homecoming

I’m home amongst the legions of others who are home now and I find Close Range on the shelf–the shelf that gapes wide and open like a gap-toothed old man, now, what with the predations of either my sister stealing books or my mother pressing books on me because you should take it, just take it, when you get to this stage in life things don’t matter to you so much and I want you to take it–and I pick it up and read the first story.

And I remember not liking Annie Proulx when young; I read The Shipping News when twelve or thirteen and hated it–hated all adults living shitty lives I viewed them as too infantile to rise up to and change–but I know I read some of her short stories too despite my disdain. At least one or two were required of me–on a standardized test and in a classroom. I can remember having to fill out a multiple-choice question asking “based on the context, which of the following best describes how the word ‘moony’ is being used here?”

But I also know I read the stories, some of them anyway, because here, this first one, “The Half-Skinned Steer”–I riffed off it for a short story that got me the attention I always craved as a teenager; got people yammering about me being good at this or that and that’s always what I wanted to hear. I used brothers and the West and and abusive alcoholic father, but I kept the boys alive and the mother alive enough for memory and made it be a rumination on the destruction wrought in all their lives by this man now dead, whom they were being called back to honor now. I named it after a colloquialism for parhelia, which again I’d never seen on the soft eastern coast. But I did all this despite, again, not liking Annie Proulx and not enjoying the stories I read of hers, whether short or long.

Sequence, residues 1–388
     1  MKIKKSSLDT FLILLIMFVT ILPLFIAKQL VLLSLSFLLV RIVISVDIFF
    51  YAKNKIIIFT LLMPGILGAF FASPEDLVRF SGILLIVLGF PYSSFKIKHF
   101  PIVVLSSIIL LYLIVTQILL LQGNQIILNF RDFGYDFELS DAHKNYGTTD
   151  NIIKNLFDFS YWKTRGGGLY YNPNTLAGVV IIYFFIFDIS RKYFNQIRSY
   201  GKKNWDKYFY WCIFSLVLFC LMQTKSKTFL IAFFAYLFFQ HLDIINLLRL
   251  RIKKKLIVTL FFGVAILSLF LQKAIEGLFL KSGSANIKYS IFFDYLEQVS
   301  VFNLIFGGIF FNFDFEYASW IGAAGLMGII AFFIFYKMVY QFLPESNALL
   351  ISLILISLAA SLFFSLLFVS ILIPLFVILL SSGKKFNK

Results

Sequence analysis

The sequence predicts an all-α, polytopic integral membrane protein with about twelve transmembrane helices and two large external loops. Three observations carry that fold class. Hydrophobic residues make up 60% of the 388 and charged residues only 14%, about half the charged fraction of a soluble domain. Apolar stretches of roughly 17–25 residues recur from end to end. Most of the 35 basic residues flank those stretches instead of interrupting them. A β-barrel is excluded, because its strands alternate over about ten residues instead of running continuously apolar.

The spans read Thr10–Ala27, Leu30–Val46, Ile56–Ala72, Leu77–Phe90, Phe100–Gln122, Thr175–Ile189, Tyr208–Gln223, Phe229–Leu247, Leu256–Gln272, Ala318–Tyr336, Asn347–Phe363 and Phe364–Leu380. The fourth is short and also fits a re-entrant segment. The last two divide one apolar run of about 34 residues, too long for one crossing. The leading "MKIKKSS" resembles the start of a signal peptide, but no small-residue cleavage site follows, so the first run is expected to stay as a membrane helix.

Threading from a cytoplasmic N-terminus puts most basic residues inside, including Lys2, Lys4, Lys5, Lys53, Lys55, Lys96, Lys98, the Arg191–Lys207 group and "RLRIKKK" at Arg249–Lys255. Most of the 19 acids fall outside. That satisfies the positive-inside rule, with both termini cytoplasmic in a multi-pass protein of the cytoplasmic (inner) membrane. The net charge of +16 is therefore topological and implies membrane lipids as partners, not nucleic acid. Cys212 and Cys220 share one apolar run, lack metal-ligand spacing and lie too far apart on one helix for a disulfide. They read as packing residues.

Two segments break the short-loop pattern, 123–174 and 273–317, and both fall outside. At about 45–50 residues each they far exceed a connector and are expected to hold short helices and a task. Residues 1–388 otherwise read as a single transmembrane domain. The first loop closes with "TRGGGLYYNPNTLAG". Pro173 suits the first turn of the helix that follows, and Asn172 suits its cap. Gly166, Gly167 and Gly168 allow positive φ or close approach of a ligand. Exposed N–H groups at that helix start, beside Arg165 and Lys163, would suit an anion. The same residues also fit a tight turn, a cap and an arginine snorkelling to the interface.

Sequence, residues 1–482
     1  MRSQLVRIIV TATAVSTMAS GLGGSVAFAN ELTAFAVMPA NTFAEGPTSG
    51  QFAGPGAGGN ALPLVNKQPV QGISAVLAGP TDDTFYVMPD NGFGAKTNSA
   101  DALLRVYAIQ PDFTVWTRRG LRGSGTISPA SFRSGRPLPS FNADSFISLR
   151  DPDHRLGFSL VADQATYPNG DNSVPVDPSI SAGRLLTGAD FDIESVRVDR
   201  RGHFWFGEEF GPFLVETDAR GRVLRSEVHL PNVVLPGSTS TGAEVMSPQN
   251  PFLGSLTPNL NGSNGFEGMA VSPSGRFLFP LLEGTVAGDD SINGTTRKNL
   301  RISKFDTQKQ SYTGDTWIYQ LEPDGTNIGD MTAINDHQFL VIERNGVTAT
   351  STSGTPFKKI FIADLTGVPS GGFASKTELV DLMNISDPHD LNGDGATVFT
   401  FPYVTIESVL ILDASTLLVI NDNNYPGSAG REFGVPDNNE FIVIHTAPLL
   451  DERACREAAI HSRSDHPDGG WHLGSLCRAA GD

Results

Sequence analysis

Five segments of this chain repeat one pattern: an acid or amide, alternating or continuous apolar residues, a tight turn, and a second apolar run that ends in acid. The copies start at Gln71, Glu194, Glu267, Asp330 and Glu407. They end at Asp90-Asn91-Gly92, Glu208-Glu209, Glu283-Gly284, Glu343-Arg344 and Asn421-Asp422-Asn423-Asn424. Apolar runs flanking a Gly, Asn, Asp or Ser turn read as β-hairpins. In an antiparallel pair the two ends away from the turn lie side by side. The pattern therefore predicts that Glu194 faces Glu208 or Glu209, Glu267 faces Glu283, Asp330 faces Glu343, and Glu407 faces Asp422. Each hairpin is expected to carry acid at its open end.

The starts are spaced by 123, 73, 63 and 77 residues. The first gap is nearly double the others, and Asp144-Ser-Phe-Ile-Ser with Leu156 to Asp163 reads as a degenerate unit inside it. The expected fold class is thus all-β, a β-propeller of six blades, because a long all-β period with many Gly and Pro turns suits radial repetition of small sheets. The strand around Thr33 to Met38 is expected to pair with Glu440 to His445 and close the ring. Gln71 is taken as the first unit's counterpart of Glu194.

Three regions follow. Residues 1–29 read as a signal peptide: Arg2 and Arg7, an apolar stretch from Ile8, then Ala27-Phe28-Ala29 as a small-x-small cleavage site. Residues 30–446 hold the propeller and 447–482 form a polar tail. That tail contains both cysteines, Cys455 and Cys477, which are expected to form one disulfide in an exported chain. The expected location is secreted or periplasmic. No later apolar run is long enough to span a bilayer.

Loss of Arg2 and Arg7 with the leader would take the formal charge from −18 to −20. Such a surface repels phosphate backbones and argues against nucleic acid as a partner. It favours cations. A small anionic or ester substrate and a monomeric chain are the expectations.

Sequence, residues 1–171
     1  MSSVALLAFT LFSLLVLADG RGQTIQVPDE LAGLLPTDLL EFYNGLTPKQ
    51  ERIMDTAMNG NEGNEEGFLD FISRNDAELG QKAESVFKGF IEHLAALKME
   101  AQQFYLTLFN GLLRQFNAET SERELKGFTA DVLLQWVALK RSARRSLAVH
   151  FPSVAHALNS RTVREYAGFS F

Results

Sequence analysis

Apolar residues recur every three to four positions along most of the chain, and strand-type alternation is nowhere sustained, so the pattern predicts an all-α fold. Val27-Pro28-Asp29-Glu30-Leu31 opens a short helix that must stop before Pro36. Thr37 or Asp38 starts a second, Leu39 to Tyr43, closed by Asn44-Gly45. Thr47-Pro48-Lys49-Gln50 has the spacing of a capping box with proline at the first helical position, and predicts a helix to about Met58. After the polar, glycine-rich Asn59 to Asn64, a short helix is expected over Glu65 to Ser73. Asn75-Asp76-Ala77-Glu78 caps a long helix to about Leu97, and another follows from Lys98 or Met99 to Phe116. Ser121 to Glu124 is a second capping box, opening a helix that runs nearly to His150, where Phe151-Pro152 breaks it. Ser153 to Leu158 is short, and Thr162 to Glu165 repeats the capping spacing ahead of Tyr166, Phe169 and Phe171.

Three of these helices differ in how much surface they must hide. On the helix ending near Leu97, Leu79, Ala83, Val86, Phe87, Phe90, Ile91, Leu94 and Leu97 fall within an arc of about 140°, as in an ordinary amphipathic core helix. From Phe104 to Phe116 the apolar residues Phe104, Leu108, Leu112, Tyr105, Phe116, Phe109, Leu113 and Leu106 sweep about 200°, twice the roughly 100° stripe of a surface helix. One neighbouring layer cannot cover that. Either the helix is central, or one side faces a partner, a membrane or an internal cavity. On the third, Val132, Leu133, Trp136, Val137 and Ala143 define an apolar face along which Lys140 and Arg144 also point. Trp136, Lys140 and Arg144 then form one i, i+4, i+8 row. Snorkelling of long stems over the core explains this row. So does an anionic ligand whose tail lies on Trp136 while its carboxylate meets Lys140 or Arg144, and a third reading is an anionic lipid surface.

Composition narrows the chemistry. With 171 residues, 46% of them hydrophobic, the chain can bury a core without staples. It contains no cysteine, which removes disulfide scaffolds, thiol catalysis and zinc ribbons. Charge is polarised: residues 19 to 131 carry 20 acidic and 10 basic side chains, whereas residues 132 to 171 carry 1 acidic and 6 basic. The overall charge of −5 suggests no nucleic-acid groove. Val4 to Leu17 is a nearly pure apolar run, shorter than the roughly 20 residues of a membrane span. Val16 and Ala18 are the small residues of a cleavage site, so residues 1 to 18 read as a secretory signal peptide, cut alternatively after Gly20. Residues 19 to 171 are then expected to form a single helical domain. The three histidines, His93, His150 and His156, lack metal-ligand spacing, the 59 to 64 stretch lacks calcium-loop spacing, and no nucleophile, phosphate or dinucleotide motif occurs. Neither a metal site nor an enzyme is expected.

I tried to explain this recently to a poet friend. When young, I understood real ugliness, the acknowledgment that it exists and that it touches a lot of people even if it spared me, as a stamp in the passport to adulthood. The women writers I read who were taken seriously had all been, or had known and then written about, other women who’d been raped or beaten or had psychological warfare waged against them for years by people too close to them; people who the school counselors with their syrupy abuse presentations and the doe-eyed actors playing concerned hollywood teachers assured us should never be so close to us. But I understood that most people had real ugliness coiling in their life like a snake, and sometimes they trod on it and it struck out and sank its fangs into them and the poison creeped there for years, festering. Even the happy-seeming adults I admired seemed to know this. So I put it in stories hoping to be treated as an adult, and not to be bothered with the idiotic concerns assigned to people my age: the humdrum list of characteristics all-important to silly movies about high school. And it worked. I was treated like I knew something, if not maybe the most important thing which was that those happy-seeming adults I admired didn’t know about that dark thing coiled waiting in everyone’s life from just adequately paraphrased stories. They’d trod on it too.